David Stone
Rock slicing clean past neighborhoods.
Rock slicing clean past neighborhoods.
© David Stone / Roosevelt island Daily

New York's big little city, Roosevelt Island, in ways outsiders never imagine, is Manhattan's little Island. Hard to find, but once found, we're hard to shake off.

Going Big with Little

Spending an afternoon in Yorkville, looking at Roosevelt Island across the East River, I remembered how annoying it used to be when the RIRA Column in the Main Street Wire repeatedly referred to our narrow strip of Manhattan schist as "our little ship..."

Related: 10 Ways To See New York

Some ship.

We're the opposite of a ship. We're a rock. Floating or sailing are not among the possibilities.

Also, we're not little. 

Think of it this way. The modern community on Roosevelt Island was envisioned as the City of Tomorrow. It was the most desirable piece of undeveloped Manhattan real estate in the 1960s.

It's a promise imperfectly fulfilled.

Somehow, even with City finances in the toilet, politicians found the gumption to resist the stampede of investors eager to convert land into gold. They teamed up with the State to create a uniquely income integrated community. Edward Logue provided the vision.

That was big because, until Manhattan Park broke the mold in 1989, every housing complex, the WIRE buildings, participated in the Mitchell-Lama Program that kept housing affordable.

Market rate complexes add spice without overwhelming the traditional essence on Main Street.

No community in the world developed under the exceptionally favorable conditions Roosevelt Island did. 

Not only was affordability a cornerstone, solidifying stability, the community was urban but isolated, a buffered island in the middle of one of the world's great metropolitan areas, with limited access.

Until the subway opened in 1989, mass transit was MTA buses and the Tram. It wasn't easy to get here, and only a special few wanted to anyway.

The original Roosevelt Island Tram lifts off toward Manhattan
The original Roosevelt Island Tram lifts off toward Manhattan
© Fine Art Photographic Print by Deborah Julian

Into the 21st Century, you could still meet people who insisted that there was no subway stop for Roosevelt Island, even after you told them you rode a train every day.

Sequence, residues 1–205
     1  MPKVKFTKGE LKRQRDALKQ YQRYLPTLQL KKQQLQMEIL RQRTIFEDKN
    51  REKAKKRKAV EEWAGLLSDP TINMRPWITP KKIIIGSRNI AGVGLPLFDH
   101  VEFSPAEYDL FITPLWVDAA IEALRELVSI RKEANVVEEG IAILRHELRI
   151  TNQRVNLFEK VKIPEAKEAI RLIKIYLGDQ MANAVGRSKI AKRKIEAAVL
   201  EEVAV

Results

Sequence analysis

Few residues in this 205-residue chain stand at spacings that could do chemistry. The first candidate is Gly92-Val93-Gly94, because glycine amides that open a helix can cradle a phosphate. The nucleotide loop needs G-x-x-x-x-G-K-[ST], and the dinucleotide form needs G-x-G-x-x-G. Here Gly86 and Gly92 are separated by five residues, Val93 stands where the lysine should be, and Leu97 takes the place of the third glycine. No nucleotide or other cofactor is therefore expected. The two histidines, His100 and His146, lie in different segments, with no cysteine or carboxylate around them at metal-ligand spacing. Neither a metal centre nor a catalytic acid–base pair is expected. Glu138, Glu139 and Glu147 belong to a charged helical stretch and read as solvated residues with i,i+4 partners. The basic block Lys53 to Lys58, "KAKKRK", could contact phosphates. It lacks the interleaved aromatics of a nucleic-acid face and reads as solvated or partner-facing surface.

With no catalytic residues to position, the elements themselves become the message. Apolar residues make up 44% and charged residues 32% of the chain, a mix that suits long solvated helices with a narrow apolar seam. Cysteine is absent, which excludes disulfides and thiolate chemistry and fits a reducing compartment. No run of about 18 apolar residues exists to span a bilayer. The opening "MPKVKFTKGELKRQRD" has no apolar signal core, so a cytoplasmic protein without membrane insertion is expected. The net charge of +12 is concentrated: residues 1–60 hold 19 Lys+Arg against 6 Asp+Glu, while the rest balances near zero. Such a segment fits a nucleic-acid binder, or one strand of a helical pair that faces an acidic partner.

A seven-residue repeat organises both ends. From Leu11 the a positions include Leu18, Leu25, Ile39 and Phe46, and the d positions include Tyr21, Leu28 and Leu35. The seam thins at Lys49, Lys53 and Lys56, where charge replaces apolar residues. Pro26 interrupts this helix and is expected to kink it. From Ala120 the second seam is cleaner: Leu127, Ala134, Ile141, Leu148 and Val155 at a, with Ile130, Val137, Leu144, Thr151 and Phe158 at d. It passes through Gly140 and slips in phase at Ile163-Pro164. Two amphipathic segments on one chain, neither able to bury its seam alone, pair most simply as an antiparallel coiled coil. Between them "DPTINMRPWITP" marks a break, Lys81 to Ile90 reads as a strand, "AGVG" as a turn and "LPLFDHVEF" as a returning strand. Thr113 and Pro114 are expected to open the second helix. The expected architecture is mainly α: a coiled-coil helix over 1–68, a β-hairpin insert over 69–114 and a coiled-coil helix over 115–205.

A favorite inquiry: "Do you have to ride the thing?" (Asked with a hand raised to suggest flight.)

And the Tram played a key role in community building. People got acquainted on the only commuter tram in the world. It was shared, highly enjoyable resource. It was, for many, the only way to get to and from anywhere.

Think about that. A one of a kind community with a one of a kind primary mode of transportation for commuters. We had to be friends.

Roosevelt Island remains in a class of its own, if modified over time, today.

Vintage Roosevelt Island, north end lighthouse stands guard over Hell Gate.
Vintage Roosevelt Island, north end lighthouse stands guard over Hell Gate.
© David Stone / Roosevelt island Daily

Big On Little

Sometimes, we forget how big some of our singular features are, but take a stroll on the Upper East Side on a summer Sunday evening. The fetid aroma of trash left out for Monday morning pick up inspires appreciation for our sui generis AVAC.

We've lost some edge on this account, but as recreated in the 1970s, Roosevelt Island was one of the first fully barrier free communities on earth. Curb cuts for wheelchairs were a rarity, but not here.

Roosevelt Island was open to everyone.

Who else gets free regularly scheduled public transportation? On red buses or any other vehicle?

Last Thoughts on Our Big Little Island

We're used to being told that we're small in geography, but are we?

Looking at Roosevelt Island from the ideal perspective of Carl Schurz Park, you see a strip of land extending all the way from Yorkville-Hell Gate-Astoria past Long Island City, the Upper East Side and much of midtown before exiting gracefully, tapering into the East River in FDR Four Freedoms Park.

You see a community blessed with enough green space that, from across the river, it looks like it's embedded in a park.

At that distance, you don't see the full featured historical preservation, the commitment to public art nor the diversity of neighbors.

You don't see the world class post grad campus that nudges the world's technology at the perimeter every day, and you don't see the only park dedicated to the ideals of the man considered by many to be our greatest president.

Cornell Tech and Four Freedoms Park seem impossible. Until you get here. Especially by Tram.

How did we get so much in one place?

By neither being nor thinking small.